I'd love to know more about this. Does he have air conditioning? That's one advantage he'd have over most of the country, but he probably wouldn't factor that in to his mining power usage. Is this thing even in his home? Because you pretty much have to sacrifice an entire room to a mining rig with the heat it blows out if you're going for any kind of volume.

It's not impossible or anything, it's just incredibly unlikely since the later you get into mining, the harder it is to generate new coins. It was designed to work with an average computer, never really intended for people to hook hundreds of AMD graphics cards together, but those people have made it worthless to mine on a 'normal' machine now.

If he's been doing it since the beginning of the year then he's experienced at least one market collapse in April where the thing dropped more than 50% of its value in hours. I'd have thought that was enough of a warning to put anyone sane off.

Unless he's the guy that designed one of those bitcoin mining Trojans and he's outsourcing all his mining, in which case all the power to him. :lol:

One thing all this has made me wonder is how many Bitcoins are involved in money laundering and stuff. Given the anonymity of it, I'm sure it's very attractive and one of the reasons it took off in the first place was buying drugs and other illicit materials off the Silk Road and co.

tl;dr hope your next wages aren't in buttcoins

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Fatal Exception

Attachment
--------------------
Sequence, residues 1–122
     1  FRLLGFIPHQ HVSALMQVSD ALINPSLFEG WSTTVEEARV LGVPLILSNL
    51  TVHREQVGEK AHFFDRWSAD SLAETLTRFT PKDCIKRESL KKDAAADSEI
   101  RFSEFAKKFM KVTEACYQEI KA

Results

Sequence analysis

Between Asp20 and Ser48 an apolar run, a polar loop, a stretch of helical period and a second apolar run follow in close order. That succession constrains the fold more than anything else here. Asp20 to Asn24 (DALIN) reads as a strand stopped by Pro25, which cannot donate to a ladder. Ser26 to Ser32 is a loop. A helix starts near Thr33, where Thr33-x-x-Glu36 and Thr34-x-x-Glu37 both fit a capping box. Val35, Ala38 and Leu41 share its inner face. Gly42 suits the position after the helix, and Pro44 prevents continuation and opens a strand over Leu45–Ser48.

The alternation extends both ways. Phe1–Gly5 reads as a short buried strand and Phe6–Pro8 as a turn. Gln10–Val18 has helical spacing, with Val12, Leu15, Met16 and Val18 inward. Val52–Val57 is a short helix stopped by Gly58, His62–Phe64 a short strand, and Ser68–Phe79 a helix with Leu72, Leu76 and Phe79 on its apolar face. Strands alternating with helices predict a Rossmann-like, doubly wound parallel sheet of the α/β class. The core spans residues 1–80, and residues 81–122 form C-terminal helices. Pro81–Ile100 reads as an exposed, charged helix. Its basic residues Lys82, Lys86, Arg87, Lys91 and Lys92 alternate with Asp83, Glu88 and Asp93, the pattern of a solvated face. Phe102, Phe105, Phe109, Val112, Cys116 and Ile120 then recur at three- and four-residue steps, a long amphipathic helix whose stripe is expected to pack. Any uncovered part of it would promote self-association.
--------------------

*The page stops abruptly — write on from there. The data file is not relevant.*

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PostRe: Bitcoins and Other Crypto-currencies
by Fatal Exception » Mon Dec 02, 2013 7:25 pm

http://www.newstatesman.com/future-proo ... -real-time

£60m in Bitcoins has just been nabbed. This article is written by ProSlo I believe.

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False
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PostRe: Bitcoins and Other Crypto-currencies
by False » Mon Dec 02, 2013 7:30 pm

Legit dosh

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PostRe: Bitcoins and Other Crypto-currencies
by Venom’s Christmas Carol » Tue Dec 03, 2013 9:58 pm

GM wrote:Even if that guy with the £4m or whatever in buttcoins found his hard drive, he'd never be able to cash out more than a few thousand at a time without selling to hundreds of buyers directly or getting cosy with one of the clear as mud 'trusts' or exchanges.


Lets say you have Bitcoins wallet that is now worth a lot and you want to sell them to make a profit. How do you sell them? What is the monetary limit on the amount you sell? I'm just wondering if it's worth experimenting with Litecoin.